Happy Holidays and Thank You!
As another challenging year comes to a close, we are thankful and grateful for your business and loyalty. It has been our joy and privilege to serve you during this time, and we look forward to working with you in 2023. We wish you Merry Christmas, Happy Holidays, and a Prosperous New Year.
With Sincere Appreciation,
Mike Patterson and the PPDocs staff
PPDocs End-of-Year Schedule
In observance of the upcoming Christmas and New Year’s holidays, we will close our office at 12:00 PM CST on December 26, 2022, and January 2, 2023.
PPDocs 2023 Calendar
In 2023, we will close our office on:
- Memorial Day (Monday, May 29)
- Independence Day (Tuesday, July 4)
- Labor Day (Monday, September 4)
- Thanksgiving Day (Thursday, November 23)
- Christmas Day (Monday, December 25)
We will notify clients in advance if this schedule changes.
PPDocs 2023 Rescission Calendar
Our 2023 Rescission Calendar is now available on our website.
Reminder: 2023 Threshold for Smaller Loan Exemption Appraisal Requirements for HPMLs
On October 13, 2022, the CFPB, the Fed, and the OCC announced that the 2023 threshold for exempting loans from special appraisal requirements for higher-priced mortgage loans will increase from $28,500 to $31,000.
The threshold amount will be effective January 1, 2023, and is based on the annual percentage increase in the Consumer Price Index for Urban Wage Earners and Clerical Workers, known as CPI-W, as of June 1, 2022.
The Dodd–Frank Act added special appraisal requirements for higher-priced mortgage loans, including that creditors obtain a written appraisal based on a physical visit to the interior of the home before making a higher-priced mortgage loan. The rules implementing these requirements contain an exemption for loans of $25,000 or less, adjusted annually to reflect CPI-W increases.
Annual FNMA Conforming Loan Limit Values
The Federal Housing Finance Agency (FHFA) publishes annual conforming loan limit values that apply to all conventional loans delivered to Fannie Mae. These include baseline and high-cost area loan limits; high-cost areas vary by geographic location. The conforming loan limits for 2023 have increased and apply to loans delivered to Fannie Mae in 2023 (even if originated prior to 1/1/2023).
Refer to Lender Letter LL-2022-06 for specific requirements.
CFPB Blog: Changes to HMDA’s Closed-end Loan Reporting Threshold
Here is the text of the December 6, 2022, blog:
On September 23, 2022, the United States District Court for the District of Columbia issued an order vacating the 2020 Home Mortgage Disclosure Act (HMDA) Final Rule as to the loan volume reporting threshold for closed-end mortgage loans. The decision means that the threshold for reporting data on closed-end mortgage loans is now 25 loans in each of the two preceding calendar years, which is the threshold established by the 2015 HMDA Final Rule, rather than the 100-loan threshold set by the 2020 HMDA Final Rule.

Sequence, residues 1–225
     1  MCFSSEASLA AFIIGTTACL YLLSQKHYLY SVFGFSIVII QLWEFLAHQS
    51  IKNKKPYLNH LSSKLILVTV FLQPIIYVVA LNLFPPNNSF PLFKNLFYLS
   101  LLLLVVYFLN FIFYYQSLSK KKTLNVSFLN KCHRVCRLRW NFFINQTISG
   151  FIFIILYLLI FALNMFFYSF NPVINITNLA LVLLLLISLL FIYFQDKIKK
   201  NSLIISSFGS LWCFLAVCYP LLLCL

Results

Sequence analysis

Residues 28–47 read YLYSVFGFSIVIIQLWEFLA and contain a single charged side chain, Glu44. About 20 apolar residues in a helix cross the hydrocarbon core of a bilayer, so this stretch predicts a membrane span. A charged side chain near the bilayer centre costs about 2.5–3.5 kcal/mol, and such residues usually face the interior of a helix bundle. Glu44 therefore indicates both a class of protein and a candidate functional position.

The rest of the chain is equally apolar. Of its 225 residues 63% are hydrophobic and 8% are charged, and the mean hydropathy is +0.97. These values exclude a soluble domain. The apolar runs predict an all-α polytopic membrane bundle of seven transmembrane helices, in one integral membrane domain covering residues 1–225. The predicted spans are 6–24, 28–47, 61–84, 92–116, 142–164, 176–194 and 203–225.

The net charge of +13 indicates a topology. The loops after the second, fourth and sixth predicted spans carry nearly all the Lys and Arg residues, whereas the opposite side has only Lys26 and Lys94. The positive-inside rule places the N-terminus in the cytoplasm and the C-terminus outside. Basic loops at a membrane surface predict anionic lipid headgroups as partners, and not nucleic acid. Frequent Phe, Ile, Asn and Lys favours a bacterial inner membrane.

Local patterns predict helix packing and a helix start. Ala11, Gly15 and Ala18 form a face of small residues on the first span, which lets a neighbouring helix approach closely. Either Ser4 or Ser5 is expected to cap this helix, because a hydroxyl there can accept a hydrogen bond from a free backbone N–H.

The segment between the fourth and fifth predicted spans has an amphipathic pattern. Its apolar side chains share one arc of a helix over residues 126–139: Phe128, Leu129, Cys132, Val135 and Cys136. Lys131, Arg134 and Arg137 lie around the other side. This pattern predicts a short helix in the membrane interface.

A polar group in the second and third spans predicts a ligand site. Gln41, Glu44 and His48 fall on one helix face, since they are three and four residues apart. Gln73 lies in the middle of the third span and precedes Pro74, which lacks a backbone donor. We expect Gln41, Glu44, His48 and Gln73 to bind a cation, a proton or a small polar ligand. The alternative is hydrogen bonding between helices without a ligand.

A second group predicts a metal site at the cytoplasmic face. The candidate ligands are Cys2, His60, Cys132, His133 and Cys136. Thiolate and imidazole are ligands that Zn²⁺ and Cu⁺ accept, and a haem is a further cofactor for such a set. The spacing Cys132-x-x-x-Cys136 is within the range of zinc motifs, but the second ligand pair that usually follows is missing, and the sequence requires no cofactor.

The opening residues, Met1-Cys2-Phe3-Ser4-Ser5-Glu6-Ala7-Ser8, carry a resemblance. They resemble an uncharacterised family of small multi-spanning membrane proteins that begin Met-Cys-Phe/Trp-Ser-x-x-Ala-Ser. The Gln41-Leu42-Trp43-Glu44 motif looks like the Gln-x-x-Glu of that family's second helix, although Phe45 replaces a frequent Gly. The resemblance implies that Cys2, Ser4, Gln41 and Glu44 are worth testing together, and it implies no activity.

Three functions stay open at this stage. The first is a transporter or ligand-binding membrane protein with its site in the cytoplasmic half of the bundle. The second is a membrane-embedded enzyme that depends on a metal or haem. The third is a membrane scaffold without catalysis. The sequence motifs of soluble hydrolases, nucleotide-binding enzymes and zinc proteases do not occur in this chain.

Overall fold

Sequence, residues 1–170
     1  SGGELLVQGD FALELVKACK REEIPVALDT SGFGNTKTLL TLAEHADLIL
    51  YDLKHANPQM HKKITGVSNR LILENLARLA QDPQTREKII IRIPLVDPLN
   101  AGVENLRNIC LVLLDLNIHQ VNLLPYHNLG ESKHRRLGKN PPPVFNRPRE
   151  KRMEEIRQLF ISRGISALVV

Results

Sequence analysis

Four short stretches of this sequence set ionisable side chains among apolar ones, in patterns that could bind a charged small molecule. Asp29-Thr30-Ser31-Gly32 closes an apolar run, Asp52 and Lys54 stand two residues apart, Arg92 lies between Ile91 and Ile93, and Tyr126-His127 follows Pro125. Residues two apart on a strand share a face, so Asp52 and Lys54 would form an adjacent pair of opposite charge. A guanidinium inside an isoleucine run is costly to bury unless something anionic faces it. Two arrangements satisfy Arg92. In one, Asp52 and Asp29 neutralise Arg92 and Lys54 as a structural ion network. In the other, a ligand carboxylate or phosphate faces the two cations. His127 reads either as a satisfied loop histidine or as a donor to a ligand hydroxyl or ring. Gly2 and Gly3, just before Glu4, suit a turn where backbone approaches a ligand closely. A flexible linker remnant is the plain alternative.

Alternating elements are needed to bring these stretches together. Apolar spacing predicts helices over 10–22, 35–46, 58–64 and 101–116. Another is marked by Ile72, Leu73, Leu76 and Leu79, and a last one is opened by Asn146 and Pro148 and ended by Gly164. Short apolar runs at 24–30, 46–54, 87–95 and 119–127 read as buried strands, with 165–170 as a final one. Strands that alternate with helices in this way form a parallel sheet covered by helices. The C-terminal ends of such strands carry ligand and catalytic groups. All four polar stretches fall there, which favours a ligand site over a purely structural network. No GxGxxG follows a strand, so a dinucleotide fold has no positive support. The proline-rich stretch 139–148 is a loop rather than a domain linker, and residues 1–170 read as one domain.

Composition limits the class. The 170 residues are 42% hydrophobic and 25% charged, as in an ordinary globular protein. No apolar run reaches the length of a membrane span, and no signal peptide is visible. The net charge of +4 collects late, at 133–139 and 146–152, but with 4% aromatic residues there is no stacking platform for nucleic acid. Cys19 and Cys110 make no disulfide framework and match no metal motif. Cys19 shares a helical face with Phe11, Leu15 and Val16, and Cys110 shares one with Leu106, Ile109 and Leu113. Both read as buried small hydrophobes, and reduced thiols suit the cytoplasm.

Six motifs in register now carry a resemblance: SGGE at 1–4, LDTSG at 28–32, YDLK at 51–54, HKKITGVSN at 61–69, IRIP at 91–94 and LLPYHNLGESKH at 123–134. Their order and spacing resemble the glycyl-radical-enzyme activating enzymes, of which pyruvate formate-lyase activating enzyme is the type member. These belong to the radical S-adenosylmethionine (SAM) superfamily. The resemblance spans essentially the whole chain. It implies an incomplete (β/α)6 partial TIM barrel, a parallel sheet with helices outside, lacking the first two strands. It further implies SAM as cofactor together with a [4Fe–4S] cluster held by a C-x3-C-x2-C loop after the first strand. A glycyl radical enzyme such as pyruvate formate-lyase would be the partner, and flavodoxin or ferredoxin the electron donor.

The CFPB recognizes that financial institutions affected by this change may need time to implement or adjust policies, procedures, systems, and operations to come into compliance with their reporting obligations. In these limited circumstances, in allocating the CFPB’s enforcement and supervisory resources, the CFPB does not view action regarding these institutions’ HMDA data as a priority. Thus, the CFPB does not intend to initiate enforcement actions or cite HMDA violations for failures to report closed-end mortgage loan data collected in 2022, 2021, or 2020 for institutions subject to the CFPB’s enforcement or supervisory jurisdiction that meet Regulation C’s other coverage requirements and originated at least 25 closed-end mortgage loans in each of the two preceding calendar years but fewer than 100 closed-end mortgage loans in either or both of the two preceding calendar years.
Note: The CFPB submitted this amendment for publication in the Federal Register, but it is not published yet. You can find it by clicking here.
Frequently Asked Question
Question: As I was completing early disclosures for a loan that we will be modifying to add an ARM feature into the permanent phase, I received an audit warning that a TRID loan may not be backdated. The current loan matures tomorrow and the date I entered for disclosing the LE causes the system to say that I cannot close the modification until a specific date next week. What do I need to do?
Answer:When the first change date is within 60 months of the first payment due date, the maximum rate at the first change date is used to calculate the APR for QM purposes. In order to avoid this issue, the initial rate period before the first rate change can be extended to at least 61 months or a lower interest rate cap can be used on the first index change date. . . If there is an investor involved, such changes may not be acceptable.
You should not backdate your TRID disclosures to indicate that the “closing date” for the modification is tomorrow because you must observe the waiting periods required by Reg Z.
You have two options: (1) have the borrower sign another modification agreement to temporarily extend the interest only loan to allow the bank to then modify to add the ARM in a week or so; or (2) proceed with a gap between the maturity date of the original loan and the effective date of the modification.
How you proceed is a business decision. The risk of proceeding with a gap is that there could be an intervening lien filed between the maturity date of the original loan and effective date of the modification. That could cause issues as it relates to the bank’s lien priority. Obviously, there is less risk when the gap is only a few days.
We also recommend you check with your title company and/or investor before proceeding.